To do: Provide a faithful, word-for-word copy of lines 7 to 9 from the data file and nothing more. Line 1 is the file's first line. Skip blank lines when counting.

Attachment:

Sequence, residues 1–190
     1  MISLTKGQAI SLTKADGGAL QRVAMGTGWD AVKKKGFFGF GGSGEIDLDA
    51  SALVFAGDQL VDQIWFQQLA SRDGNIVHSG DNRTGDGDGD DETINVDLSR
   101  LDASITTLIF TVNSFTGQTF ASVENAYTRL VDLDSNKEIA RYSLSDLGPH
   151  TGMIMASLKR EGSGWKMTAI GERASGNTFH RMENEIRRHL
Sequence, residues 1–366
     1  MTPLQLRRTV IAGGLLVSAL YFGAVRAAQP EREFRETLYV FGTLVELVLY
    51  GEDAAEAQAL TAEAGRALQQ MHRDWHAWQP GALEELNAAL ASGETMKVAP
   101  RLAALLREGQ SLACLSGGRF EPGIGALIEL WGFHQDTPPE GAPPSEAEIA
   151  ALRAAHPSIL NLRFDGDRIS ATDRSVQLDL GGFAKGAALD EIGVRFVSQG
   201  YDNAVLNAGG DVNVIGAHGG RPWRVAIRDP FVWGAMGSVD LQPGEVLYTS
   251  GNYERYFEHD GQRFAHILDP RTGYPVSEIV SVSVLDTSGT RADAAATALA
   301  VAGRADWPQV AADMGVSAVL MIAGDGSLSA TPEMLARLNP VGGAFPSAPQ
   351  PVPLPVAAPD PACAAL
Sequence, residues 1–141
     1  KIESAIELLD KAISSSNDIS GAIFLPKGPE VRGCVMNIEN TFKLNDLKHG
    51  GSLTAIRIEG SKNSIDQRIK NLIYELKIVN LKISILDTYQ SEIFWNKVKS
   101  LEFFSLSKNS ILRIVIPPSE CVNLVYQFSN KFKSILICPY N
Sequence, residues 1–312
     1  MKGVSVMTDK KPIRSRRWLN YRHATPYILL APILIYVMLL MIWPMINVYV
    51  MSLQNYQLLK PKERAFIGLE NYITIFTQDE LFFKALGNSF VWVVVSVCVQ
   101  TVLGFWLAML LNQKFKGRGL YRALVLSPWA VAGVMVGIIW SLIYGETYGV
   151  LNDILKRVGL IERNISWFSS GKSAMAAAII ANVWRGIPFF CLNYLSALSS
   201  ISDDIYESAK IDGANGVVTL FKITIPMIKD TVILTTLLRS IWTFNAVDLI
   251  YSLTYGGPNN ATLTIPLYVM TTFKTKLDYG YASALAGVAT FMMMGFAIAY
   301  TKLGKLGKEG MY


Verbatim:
     1  MTPLQLRRTV IAGGLLVSAL YFGAVRAAQP EREFRETLYV FGTLVELVLY
    51  GEDAAEAQAL TAEAGRALQQ MHRDWHAWQP GALEELNAAL ASGETMKVAP
   101  RLAALLREGQ SLACLSGGRF EPGIGALIEL WGFHQDTPPE GAPPSEAEIA